In wake of the recent violence in the Jos region of Nigeria that left 200 people dead, the director of the Holy See’s Press office, Fr. Federico Lombardi, expressed “concern and horror” over the bloody events.
Fr. Lombardi also explained that the violence, which took place in the early hours of Sunday morning, should be seen “not as a religious, but a social confrontation.” The attacks were carried out by shepherds of the Muslim Fulani ethnic group against three villages of Christian farmers belonging to the Berom ethnicity.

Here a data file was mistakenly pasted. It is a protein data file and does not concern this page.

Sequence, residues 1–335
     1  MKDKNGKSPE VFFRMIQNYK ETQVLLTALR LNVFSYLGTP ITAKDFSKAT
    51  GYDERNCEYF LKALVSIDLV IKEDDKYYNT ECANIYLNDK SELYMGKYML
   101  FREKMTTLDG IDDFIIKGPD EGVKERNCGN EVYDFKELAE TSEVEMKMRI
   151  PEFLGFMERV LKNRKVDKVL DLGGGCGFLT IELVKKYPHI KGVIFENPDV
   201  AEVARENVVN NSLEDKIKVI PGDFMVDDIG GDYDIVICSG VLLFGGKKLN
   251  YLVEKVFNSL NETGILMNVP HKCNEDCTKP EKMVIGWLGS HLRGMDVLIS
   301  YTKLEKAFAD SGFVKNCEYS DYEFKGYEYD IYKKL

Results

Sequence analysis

“This is a classic conflict between herdsmen and farmers,” Archbishop John Olorunfemi Onaiyekan of Abuja, Nigeria told Vatican Radio on Monday. He also noted that, though the international media often links such violence to a religious conflict, “This is not the case, because they don’t kill each other due to religion, but for social, economic, tribal, (or) cultural demands."
He also said that the Church is working to “to promote good relations between Christians and Muslims and we seek also to come to an agreement in trying to curb the violence and work together to face concrete political and ethical problems."